...is to score an average of a run per inning.
It sounds like a tall order, but until Tim Lincecum shut down the Dodgers offense on Saturday, the team was leading the league in runs scored. The Dodgers are still currently second in runs scored, tied with the Giants at 68 and trailing only Philadelphia. The Phillies have scored 78 runs.
However, the Dodgers lead the majors in batting average at a blistering .312, and will need every bit of production they can get, as the pitching staff continues to struggle.
The story coming from Chavez Ravine on Friday was Andre Ethier homering in his first two at-bats, including a grand slam that put the Dodgers up 7-0 in the third inning. One might think that the Dodgers would coast to victory, but again, the bullpen struggled. Without pouring on more offense in the later innings, LA would have let the game get away. The bullpen went on to surrender five runs in the ninth inning, and the Dodgers won 10-8.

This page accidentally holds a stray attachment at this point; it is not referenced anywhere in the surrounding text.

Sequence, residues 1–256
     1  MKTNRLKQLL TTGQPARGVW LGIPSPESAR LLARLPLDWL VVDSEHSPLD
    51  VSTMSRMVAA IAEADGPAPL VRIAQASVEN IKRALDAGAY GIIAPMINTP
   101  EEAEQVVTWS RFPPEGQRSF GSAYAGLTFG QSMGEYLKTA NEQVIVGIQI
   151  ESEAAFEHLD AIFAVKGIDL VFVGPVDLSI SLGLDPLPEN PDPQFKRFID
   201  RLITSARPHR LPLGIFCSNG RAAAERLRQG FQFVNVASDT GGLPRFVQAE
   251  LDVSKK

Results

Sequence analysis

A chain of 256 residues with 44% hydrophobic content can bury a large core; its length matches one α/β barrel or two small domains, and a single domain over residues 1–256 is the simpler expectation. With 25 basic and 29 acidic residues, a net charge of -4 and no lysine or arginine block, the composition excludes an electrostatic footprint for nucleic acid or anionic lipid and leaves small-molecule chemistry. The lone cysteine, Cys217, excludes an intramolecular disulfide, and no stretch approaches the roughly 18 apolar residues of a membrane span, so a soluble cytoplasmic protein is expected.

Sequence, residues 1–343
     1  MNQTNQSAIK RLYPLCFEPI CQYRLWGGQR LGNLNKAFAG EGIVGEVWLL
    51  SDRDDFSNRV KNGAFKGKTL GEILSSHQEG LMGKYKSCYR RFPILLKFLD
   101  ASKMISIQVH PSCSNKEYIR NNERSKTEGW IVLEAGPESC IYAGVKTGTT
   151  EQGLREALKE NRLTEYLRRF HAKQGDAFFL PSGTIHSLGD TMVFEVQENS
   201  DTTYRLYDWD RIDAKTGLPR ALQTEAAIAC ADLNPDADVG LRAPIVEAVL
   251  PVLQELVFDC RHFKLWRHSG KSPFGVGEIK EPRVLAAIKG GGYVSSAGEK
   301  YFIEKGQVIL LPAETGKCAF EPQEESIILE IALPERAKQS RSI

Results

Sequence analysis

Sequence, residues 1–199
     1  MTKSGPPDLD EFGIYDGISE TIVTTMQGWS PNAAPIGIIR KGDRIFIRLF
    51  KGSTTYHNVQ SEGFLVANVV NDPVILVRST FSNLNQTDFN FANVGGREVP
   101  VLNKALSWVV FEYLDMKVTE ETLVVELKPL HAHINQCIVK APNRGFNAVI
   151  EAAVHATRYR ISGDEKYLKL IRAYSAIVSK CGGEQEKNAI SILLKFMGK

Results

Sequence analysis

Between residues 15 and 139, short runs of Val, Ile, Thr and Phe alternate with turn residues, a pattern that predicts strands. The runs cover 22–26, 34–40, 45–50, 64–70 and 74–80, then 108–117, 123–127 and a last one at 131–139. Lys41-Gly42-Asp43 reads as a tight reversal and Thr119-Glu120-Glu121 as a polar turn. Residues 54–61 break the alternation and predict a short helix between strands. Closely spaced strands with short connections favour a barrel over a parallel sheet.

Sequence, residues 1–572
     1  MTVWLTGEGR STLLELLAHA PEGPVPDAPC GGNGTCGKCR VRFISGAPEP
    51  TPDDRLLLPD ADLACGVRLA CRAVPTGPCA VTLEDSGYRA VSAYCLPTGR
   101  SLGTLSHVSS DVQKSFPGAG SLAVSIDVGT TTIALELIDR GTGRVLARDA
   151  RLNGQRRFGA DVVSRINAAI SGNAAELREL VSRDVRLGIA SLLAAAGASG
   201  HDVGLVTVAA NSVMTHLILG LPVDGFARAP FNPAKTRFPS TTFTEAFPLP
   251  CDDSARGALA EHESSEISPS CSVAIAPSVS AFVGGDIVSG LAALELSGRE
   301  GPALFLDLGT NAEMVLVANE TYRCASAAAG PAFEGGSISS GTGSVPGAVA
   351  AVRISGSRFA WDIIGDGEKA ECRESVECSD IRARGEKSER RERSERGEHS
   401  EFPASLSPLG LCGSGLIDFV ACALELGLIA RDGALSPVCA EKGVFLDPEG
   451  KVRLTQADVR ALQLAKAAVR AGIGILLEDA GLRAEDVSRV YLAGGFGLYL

Now, obviously the offensive success the Dodgers have experienced thus far will begin to tarry as the season moves on, but the team owes its near .500 record to solid offensive production.
Look no further than hitting coach Don Mattingly to investigate the origin of success for Dodgers hitters. Mattingly is a career .307 hitter, and after 14 Major League seasons, all with the Yankees, the man just exhumes confidence and mental soundness.
The main difference between the successful Yankee teams Mattingly was a member of in the '80s and '90s, and the Dodgers team of today is pitching; plain and simple.
With the exception of Clayton Kershaw and Chad Billingsley, Dodgers starters aren't helping much either. Vicente Padilla still can't find the strike zone, and Charlie Haeger's knuckleball isn't knuckling.
The expectations for Dodgers hitters will remain high as the pitching staff struggles, but look for Mattingly's boys to continue their tear, and we'll worry about the rest later.